Since my recipe does not include any alcohol based ingredients, it would be considered a toner. Hope that helps clarify any questions you may have when seeing the two names used interchangeably.

Plant Therapy Essential Oils


5.0 from 1 reviews
DIY Toner for Acne Prone Skin
Tools Needed
  1. Measure out your ingredients and pour into your spray bottle; shake well
To use
  1. If you're in a rush, shake well and spray your face with this toner after you wash your face
  2. If you have time: shake well, undo the mister pump, and pour some solution onto a cotton ball and gently rub on your face

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  1. Hi Loriel!
    I have been looking for a good acne prone skin toner for a while and decided to make my own as not many branded products have actually work. I’m super excited to find your recipe, I’m already planning to try this after my end-of semester exams. Just one question, how long does this toner last (is there a expiry date)?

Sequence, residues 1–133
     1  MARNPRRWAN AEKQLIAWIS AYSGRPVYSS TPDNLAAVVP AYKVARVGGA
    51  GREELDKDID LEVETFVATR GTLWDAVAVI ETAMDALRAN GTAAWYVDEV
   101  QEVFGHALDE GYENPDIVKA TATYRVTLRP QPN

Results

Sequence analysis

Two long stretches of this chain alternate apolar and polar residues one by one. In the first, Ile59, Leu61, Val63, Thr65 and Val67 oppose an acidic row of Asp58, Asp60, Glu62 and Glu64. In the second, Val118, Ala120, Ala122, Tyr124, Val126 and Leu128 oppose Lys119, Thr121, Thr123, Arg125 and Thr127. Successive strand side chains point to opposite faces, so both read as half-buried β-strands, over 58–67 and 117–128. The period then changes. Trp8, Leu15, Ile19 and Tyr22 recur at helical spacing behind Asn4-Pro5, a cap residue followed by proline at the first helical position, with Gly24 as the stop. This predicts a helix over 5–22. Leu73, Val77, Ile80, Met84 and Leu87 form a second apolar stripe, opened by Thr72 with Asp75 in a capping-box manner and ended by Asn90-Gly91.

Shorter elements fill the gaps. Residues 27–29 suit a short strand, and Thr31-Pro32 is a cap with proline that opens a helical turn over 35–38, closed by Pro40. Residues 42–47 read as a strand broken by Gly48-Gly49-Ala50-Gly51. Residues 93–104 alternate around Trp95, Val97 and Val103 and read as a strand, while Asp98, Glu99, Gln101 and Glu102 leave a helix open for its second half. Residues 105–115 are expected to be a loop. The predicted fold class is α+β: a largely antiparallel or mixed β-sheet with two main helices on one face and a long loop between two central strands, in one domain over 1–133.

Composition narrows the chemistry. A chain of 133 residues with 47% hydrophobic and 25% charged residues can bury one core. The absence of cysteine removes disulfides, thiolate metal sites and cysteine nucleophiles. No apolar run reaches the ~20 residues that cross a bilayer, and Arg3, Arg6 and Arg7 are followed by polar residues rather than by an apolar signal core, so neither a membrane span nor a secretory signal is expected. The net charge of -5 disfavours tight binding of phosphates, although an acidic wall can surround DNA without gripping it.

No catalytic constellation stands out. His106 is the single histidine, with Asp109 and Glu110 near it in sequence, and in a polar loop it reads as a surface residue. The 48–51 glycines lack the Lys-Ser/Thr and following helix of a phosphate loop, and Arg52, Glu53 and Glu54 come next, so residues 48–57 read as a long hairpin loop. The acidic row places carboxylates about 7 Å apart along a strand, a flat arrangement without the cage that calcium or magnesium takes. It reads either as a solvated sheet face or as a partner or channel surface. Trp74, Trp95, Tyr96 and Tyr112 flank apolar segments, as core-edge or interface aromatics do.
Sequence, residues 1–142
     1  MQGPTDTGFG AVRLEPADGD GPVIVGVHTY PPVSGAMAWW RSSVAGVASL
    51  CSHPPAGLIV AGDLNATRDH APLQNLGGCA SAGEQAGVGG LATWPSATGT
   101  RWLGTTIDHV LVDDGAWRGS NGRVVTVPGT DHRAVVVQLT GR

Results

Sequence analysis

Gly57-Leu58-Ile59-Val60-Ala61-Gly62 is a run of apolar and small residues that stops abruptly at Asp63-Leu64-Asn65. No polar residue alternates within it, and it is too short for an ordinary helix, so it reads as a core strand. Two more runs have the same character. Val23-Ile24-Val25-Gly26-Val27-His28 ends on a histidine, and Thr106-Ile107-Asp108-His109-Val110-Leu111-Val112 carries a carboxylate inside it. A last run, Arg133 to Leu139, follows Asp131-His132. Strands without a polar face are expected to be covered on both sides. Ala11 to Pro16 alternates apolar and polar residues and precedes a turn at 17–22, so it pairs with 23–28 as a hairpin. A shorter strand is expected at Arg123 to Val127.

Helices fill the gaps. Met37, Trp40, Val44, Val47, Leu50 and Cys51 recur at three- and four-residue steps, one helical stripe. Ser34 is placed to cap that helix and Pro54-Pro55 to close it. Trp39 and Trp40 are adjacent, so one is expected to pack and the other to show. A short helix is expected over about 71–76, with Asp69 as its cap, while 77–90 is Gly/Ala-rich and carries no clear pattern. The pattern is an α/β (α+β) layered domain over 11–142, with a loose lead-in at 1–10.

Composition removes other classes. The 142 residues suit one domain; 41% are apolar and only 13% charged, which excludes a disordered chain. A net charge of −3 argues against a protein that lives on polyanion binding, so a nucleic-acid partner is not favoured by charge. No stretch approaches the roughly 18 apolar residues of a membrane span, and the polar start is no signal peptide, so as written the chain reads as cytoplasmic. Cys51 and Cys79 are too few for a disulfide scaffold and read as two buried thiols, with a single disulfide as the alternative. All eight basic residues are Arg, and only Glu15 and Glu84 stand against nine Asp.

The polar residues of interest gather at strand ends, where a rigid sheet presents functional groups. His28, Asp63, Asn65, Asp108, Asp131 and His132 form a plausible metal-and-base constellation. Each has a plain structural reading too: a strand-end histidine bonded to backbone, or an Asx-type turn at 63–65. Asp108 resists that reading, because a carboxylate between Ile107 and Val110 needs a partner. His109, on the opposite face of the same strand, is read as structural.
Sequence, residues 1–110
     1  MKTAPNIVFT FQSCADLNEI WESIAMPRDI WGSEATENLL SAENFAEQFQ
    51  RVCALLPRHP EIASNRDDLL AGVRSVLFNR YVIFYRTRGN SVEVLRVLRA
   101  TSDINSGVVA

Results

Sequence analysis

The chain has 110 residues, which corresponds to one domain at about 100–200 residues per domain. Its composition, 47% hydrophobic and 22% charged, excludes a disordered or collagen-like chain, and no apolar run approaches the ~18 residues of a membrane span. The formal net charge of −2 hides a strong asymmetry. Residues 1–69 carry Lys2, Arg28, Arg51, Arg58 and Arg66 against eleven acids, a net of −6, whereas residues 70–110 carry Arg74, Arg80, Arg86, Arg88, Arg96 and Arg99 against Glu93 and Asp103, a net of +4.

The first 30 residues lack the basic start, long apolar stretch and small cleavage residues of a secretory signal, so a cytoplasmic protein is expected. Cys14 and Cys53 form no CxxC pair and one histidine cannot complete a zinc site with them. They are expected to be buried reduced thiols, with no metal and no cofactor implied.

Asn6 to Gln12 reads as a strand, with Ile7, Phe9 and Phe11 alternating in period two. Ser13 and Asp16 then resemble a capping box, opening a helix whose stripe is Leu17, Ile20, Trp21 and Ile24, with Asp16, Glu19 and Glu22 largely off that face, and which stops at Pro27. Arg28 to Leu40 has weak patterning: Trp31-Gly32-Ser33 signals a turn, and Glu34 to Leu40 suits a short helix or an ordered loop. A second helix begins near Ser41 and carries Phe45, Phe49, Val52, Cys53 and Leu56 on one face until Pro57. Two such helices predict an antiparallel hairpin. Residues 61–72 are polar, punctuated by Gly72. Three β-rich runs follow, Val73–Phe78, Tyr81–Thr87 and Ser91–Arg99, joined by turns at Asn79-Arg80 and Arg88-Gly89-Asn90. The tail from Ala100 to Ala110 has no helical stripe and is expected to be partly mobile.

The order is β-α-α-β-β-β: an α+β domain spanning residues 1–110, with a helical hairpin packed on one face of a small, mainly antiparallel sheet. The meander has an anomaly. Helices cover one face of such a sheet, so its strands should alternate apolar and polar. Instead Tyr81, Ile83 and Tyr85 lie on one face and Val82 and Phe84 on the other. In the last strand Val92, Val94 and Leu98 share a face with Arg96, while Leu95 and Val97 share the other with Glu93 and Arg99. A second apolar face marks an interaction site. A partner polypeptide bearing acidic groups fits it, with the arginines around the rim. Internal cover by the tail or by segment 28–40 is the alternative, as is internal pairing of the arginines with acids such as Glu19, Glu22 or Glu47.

2. Hi,

    what do you use as a preservative here, and how can you tell that shell life is 6 months (based on what)? I would like to try it out but it’s not safe not to have a preservative as it can attract microbes to the toner.


  3. I LOVE this toner! I use it on a daily basis and it doesn’t make my face feel tight or dry at all, but smooth and my complexion even. I noticed after two days of using it that my blemishes shrunk and prevented future breakouts. Also, it is great for an oily complexion without drying your skin out at all.

  4. Hello…

    Greetings from Indonesia. I was trying to find a good toner for my son’s acne… and I came across your blog. Am happy to know that the feedbacks are good. Can’t wait to try making one for my son. Especially when I see the ingredients are easy to find. Thanks!

  5. Hi, I’m excited to try out the toner recipe. However I do not have rose water. Can I omit that?